TAI Weekly

TAI Weekly|2024's Information Fearful Realities

By TAI (Role at TAI)


Open Contracting Partnership unveiled a new organizational strategy and a bold goal: “We want to enable one billion people to live in more equitable, prosperous and sustainable communities by 2030 by improving US$2 trillion in public procurement spending.” 

John Githongo, reflecting on thirty years of activismt, contemplates the evolving narrative of anti-corruption efforts in Africa, transitioning from Western paradigms to emerging agendas.

What can be learned from the governance trajectory of African countries since the beginning of the 21st century?  A new World Bank report offers insights.

CIVICUS Watchlist highlights four countries experiencing a serious decline in respect for civic space

Cambodia's 30-year journey in establishing national parks sounds positive on the face of it, but a disregard for local communities and Indigenous peoples, coupled with benefits for powerful business interests, has led to high deforestation rates despite 41% of the country being designated as nature reserves. 

Euan Ritchie's analysis confirms that donors are creative in counting what is considered climate finance

How do you spot greenwashing in a corporate sustainability report? There is a new guide to spotting false environmental claims.

Instead of carbon offsets, we need “contributions” to forests, argue Libby Blanchard, William Anderegg and Barbara Haya. They argue a switch to a “contributions” framing could preserve a crucial flow of climate investment, while moving incentives away from bad, low integrity offsets.  

The UN Global Compact launched a Transformational Governance Corporate Toolkit for companies to educate employees on implementing greater accountability, integrity and transparency in business. 

A couple of weeks back we mentioned the launch of a new book on civil society roles in tax - now there is a detailed review from Paolo Mauro (in case you don’t have time to read the whole book!) 


Roula Inglesi-Lotz argues that greater trust in institutions would make people, policymakers, and businesses more inclined to adopt renewable energy practices.


USAID: Signed a Memorandum of Understanding with the Extractive Industries Transparency Initiative (EITI) to strengthen strategic engagement on a global level. The MoU recognizes that transparency, a core tenet of the EITI, is crucial for fostering institutional norms around accountability, and responsiveness. 

PACKARD FOUNDATION: Welcomed Benjamin Chou as Democracy, Rights, and Governance Program Officer for the US. In this inaugural role, Chou will support the development and implementation of the Foundation’s initiative seeking to advance a thriving, resilient, pro-equity democracy.

MACARTHUR FOUNDATION: Highlights how the Behavioural Insights Team and partners are facilitating anti-corruption progress in Nigeria.


Donors are starting to adopt a poly-crisis philanthropy model to address the multiple, interconnected global crises affecting the communities they seek to support. But what is poly-crisis philanthropy?

A new report by PARTOS makes the case for Feminist MEL, aiming for a kind of change that is non-linear; it is complex, takes time and is based on participation and power sharing.

The Urgent Action Sister Funds recognize that reporting is critical to MEL, but the well-being of their partners must be above everything. They try to keep reporting light and flexible according to the needs of their partners. Trust is fundamental.

How do we cope with the anxiety and trauma of escalating and converging crises to sustain a capacity for hope that can help us drive a different future? Tamzin Ractliffe is calling for ‘strategic hope’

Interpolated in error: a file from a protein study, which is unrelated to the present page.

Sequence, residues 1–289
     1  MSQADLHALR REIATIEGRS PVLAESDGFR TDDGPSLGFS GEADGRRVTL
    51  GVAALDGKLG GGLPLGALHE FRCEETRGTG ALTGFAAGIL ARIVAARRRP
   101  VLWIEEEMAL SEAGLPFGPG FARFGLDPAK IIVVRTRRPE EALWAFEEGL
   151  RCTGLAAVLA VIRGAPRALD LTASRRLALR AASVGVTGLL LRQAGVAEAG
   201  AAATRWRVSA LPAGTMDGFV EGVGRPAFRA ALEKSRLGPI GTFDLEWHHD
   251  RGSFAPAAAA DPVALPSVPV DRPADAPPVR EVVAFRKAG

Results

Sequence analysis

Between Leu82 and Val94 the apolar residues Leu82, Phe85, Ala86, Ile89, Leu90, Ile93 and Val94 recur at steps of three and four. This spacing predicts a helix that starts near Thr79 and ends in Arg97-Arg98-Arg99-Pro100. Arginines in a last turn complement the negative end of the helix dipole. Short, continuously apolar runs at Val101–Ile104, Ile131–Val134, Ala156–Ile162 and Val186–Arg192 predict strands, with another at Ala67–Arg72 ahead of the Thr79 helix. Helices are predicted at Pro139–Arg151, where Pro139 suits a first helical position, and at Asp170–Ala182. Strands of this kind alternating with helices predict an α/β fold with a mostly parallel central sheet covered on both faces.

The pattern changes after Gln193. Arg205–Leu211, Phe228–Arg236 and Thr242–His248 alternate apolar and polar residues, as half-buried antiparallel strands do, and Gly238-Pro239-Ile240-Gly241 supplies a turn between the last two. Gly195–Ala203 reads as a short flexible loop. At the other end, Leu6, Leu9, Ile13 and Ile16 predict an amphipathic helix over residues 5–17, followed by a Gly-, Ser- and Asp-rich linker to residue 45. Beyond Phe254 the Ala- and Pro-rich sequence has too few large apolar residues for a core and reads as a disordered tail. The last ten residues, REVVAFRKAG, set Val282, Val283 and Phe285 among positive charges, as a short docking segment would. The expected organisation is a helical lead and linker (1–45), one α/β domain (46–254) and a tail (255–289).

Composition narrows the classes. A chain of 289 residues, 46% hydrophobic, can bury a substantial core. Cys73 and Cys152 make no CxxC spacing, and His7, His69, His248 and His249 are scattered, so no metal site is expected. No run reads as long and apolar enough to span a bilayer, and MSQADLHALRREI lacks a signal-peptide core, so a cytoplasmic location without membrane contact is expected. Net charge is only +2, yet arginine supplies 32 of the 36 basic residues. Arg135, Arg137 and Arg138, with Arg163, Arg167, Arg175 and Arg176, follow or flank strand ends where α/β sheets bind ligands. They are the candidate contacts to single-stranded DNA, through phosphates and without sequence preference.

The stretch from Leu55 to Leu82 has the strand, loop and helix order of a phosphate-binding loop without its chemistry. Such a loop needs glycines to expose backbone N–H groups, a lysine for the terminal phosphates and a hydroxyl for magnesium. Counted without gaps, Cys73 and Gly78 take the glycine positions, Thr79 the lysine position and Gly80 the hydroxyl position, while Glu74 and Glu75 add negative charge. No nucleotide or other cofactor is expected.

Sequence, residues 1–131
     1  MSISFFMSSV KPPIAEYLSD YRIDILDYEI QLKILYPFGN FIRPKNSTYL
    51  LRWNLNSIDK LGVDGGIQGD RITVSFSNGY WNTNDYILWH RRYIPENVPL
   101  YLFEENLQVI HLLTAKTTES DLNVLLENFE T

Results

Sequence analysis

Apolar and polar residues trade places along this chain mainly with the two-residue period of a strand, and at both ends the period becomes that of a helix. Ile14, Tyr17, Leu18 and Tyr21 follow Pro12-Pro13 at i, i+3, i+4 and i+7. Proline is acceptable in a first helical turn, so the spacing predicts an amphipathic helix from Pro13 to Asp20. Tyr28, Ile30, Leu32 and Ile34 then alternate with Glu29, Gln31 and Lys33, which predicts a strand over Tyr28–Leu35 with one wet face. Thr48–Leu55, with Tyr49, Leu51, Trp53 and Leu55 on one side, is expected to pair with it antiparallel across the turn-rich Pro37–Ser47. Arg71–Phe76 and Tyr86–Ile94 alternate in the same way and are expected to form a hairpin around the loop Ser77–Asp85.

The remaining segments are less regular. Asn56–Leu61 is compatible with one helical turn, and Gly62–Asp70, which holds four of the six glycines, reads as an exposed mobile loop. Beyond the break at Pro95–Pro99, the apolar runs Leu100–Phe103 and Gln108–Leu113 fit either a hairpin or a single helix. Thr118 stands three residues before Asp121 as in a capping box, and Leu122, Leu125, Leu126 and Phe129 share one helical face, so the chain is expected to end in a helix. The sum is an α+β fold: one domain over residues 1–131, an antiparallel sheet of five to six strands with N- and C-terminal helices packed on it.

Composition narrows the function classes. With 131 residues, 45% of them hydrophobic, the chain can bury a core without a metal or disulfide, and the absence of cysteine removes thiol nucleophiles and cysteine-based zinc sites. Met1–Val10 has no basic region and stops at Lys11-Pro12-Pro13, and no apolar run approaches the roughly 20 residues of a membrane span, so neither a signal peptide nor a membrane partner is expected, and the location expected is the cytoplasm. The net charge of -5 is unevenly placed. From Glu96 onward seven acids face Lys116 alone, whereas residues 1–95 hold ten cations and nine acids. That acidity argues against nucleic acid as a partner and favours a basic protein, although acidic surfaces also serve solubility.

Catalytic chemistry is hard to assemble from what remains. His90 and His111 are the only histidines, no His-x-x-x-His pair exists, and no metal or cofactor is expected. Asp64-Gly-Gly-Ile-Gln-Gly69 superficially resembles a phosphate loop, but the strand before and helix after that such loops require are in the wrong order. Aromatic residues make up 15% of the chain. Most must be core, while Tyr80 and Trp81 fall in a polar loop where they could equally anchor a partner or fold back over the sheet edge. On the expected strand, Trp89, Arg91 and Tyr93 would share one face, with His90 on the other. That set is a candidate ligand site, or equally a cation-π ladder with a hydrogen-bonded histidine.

Watch the fascinating Oxford University great carbon market debate - is it over for offsetting? 


2024's Information Landscape - Bleak and/or terrifying?

TAI joined with the OECD for discussion of the state of funding for healthy information environments this past week - stay tuned for our reports to come. Yet the world keeps reminding us of the need for more investment. See the Safety of Journalists Platform's 2024 report flagging concern over the treatment of journalists across 46 Council of Europe member states, Russia, and Belarus. The report underscores serious apprehensions regarding the use of spyware against journalists, abusive lawsuits, and the growing number of journalists forced into exile. (Don’t forget last week’s feature on spyware on journalists’ phones.)

Surveillance issues also featured in last week’s “Fact & Fiction: The Future of Democracy” Nobel Prize Dialogue, where Maria Ressa was among those demanding that we defend journalism as an antidote to tyranny, but also demand more accountable tech. That means asking those who built big tech to end surveillance for profit and coded bias. We need to learn the lessons fast to shape better governance of AI. While acknowledging the societal benefits of AI tools, Lina Srivastava expresses deep concerns about unchecked development in the hands of primarily male tech executives. A profit-driven approach may again exacerbate issues such as algorithmic bias, discrimination, and exploitation, posing significant risks to social systems.

What of the state of access to information? The Africa Freedom of Information Center looks at the information needs in the context of 19 African countries heading to elections in 2024, while UNESCO launches three new briefs focusing on access to public information in Latin America and the Caribbean. Both resources stressed the importance of strengthening democracy and human rights with a special emphasis on vulnerable groups and environmental considerations.For their part, the OECD is urging the implementation of policies to enhance the transparency, accountability, and plurality of information sources in their new Facts not Fakes report. Worth the read.




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